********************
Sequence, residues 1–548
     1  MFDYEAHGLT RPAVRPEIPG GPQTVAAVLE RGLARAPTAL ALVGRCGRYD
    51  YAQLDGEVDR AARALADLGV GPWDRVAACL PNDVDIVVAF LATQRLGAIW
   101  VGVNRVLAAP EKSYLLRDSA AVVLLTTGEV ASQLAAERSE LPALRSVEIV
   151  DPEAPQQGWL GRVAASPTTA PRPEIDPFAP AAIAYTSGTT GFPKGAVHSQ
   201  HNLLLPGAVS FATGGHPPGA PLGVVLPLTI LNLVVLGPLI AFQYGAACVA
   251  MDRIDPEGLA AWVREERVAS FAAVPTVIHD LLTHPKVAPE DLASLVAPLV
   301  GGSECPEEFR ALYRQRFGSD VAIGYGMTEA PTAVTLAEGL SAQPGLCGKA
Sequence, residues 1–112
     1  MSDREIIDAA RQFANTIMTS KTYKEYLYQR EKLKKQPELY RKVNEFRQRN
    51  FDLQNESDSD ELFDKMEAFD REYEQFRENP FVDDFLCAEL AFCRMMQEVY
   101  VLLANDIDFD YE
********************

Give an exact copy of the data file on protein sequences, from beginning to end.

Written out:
Sequence, residues 1–548
     1  MFDYEAHGLT RPAVRPEIPG GPQTVAAVLE RGLARAPTAL ALVGRCGRYD
    51  YAQLDGEVDR AARALADLGV GPWDRVAACL PNDVDIVVAF LATQRLGAIW
   101  VGVNRVLAAP EKSYLLRDSA AVVLLTTGEV ASQLAAERSE LPALRSVEIV
   151  DPEAPQQGWL GRVAASPTTA PRPEIDPFAP AAIAYTSGTT GFPKGAVHSQ
   201  HNLLLPGAVS FATGGHPPGA PLGVVLPLTI LNLVVLGPLI AFQYGAACVA
   251  MDRIDPEGLA AWVREERVAS FAAVPTVIHD LLTHPKVAPE DLASLVAPLV
   301  GGSECPEEFR ALYRQRFGSD VAIGYGMTEA PTAVTLAEGL SAQPGLCGKA
Sequence, residues 1–112
     1  MSDREIIDAA RQFANTIMTS KTYKEYLYQR EKLKKQPELY RKVNEFRQRN
    51  FDLQNESDSD ELFDKMEAFD REYEQFRENP FVDDFLCAEL AFCRMMQEVY
   101  VLLANDIDFD YE